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China edges open its low-altitude airspace

By Chen Dujuan  (Global Times)

08:34, July 23, 2012

China will further relax its ban on low-altitude airspace for private use, China's top economic planning body announced Friday.

China would also boost the number of cities and facilities available for general aviation, said Huang Min, director-general of the Department of Basic Industries at the National Development and Reform Commission, at a press conference Friday, with the commission coordinating with government bureaus to achieve airspace reform.

One of the two categories of civil aviation, general aviation refers to all flights other than military and scheduled airline passenger and cargo flights. Most of the world's air traffic falls into this category.

Military control of airspace below 1,000 meters has for decades stifled the general aviation market of China, slowing down development of the civil industry, experts explained.

China had 286 airports and temporary landing strips available by 2011, far fewer than the 15,000 in the US, according to the Civil Aviation Administration of China.

"Led by market demand, technology and management have been developing in recent years to provide better access to low-altitude airspace," Zou Jianjun, director of the Institute of Air Transport Services, told the Global Times.

But airport, landing and traffic facilities and regulations need to be improved for general aviation, he suggested.

Starting January this year, six cities including Tangshan, Qingdao, Hangzhou, Ningbo, Kunming and Xi'an, as well as areas of northeastern, central and southern China have been experimenting with pilot schemes for the opening up of low-altitude airspace.

China aims at 19 percent annual growth in general aviation air traffic from 502,700 flying hours last year to 2 million by 2020, according to guidance for aviation sector development released by the State Council on July 12.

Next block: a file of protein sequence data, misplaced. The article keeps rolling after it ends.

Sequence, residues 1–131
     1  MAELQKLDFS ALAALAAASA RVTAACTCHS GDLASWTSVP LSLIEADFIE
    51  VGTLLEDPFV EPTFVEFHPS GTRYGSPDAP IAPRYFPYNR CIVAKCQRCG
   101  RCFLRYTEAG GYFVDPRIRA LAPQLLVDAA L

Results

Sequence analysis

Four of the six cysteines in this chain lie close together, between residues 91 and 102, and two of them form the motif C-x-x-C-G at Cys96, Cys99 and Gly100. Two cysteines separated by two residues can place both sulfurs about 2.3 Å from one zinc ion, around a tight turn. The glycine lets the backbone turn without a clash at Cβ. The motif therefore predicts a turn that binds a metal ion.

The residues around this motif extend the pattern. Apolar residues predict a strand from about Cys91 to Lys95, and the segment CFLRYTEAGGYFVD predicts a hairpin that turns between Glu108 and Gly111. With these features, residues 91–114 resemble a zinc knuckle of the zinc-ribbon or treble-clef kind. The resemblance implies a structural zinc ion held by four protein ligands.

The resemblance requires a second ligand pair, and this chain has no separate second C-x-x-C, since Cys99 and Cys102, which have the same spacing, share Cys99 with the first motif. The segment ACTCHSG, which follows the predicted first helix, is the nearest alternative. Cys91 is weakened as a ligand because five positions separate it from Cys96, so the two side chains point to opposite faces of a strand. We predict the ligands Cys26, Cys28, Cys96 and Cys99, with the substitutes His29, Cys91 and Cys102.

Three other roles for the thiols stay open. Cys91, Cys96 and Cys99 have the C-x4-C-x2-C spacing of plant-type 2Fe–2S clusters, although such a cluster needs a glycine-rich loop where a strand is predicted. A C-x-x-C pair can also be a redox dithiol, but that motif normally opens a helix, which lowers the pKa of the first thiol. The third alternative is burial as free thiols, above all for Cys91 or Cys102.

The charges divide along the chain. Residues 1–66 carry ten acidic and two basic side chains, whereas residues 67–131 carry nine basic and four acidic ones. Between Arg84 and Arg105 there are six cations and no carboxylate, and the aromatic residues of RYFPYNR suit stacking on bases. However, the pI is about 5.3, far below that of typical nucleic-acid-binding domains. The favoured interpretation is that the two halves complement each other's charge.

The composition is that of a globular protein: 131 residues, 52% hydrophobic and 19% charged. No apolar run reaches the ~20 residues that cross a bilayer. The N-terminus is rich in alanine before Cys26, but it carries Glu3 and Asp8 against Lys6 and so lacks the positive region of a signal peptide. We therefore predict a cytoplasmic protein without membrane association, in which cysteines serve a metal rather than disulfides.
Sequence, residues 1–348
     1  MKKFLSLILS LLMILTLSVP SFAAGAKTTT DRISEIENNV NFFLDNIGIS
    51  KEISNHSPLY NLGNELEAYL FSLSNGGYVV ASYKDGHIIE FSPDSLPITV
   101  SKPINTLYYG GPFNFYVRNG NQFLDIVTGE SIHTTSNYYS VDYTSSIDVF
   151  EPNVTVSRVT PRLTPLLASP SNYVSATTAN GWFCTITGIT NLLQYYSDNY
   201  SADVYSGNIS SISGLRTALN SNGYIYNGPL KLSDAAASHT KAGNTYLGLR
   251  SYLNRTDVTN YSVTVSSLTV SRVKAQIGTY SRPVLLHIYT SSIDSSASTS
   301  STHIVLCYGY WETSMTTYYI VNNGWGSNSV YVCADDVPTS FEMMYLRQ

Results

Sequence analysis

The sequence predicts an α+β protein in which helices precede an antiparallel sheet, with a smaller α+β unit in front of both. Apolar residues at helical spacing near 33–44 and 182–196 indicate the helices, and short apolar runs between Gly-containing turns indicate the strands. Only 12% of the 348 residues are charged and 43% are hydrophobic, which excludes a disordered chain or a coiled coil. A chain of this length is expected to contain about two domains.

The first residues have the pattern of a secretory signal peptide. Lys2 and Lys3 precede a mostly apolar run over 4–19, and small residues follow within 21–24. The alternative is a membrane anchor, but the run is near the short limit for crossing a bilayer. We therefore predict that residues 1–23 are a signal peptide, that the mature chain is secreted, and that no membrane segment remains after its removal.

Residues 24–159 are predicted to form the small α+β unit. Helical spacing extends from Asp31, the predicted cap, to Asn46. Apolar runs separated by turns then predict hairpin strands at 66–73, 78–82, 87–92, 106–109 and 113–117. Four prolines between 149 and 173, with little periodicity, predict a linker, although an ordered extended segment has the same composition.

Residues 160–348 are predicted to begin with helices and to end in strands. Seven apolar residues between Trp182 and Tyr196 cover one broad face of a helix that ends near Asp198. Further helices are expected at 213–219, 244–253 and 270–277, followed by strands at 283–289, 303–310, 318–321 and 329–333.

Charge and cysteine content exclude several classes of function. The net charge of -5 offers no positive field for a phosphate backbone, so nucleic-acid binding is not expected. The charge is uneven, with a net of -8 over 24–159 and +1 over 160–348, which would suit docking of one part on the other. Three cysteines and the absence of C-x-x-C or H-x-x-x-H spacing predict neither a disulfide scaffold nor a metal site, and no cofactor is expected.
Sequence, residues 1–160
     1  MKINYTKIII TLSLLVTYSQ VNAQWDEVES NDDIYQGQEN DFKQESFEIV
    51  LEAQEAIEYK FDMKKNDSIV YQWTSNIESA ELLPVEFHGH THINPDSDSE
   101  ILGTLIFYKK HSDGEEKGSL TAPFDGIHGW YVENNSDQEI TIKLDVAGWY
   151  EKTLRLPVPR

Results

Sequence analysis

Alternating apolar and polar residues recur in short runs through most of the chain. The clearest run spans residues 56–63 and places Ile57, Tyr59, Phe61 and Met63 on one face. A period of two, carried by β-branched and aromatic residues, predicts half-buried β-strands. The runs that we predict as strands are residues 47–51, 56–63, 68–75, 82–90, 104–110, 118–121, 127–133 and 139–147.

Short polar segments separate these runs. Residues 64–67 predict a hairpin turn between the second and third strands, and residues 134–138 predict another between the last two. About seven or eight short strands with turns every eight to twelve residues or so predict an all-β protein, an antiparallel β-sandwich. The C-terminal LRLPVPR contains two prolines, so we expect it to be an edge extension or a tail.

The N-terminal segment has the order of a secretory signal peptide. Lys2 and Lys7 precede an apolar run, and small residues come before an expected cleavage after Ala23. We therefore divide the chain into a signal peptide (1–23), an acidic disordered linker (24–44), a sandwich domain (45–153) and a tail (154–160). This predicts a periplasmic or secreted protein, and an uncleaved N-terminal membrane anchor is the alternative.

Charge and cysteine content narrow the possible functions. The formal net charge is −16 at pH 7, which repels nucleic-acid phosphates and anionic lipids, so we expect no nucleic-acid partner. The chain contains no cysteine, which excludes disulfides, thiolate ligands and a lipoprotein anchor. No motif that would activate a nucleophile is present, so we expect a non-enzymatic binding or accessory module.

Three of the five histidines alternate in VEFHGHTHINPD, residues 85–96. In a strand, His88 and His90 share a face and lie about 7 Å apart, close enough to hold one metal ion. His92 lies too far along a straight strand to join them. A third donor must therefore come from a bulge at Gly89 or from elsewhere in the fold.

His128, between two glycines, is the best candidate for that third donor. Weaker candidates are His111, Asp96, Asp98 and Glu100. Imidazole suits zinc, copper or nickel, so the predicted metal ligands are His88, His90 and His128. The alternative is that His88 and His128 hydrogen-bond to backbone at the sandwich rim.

"The massive general aviation market in China will benefit aircraft manufacturers and companies along the industrial chain such as ground service providers and training," Zou said.

Specialist civil pilot training classes have also taken off in China: Civil Aviation Flight University of China, China's only full-time regular institution of higher education for civil pilots, began offering its first private helicopter license class at Xinjin Flight College in March, with 13 students graduating in July.

The 200,000 yuan, 50-hour class is popular, Liao Lunjin, a researcher and engineer at the college, told the Global Times, already attracting a fresh intake of 20 students that includes rich helicopter owners and people wanting to work as commercial pilots.

His college had six helicopters now, Liao said, and would rent five more for the first half of 2013 to meet rapidly growing demand.

The top priority in opening up low-altitude airspace to private aircraft was to "ensure its safety," said Huang of the commission.

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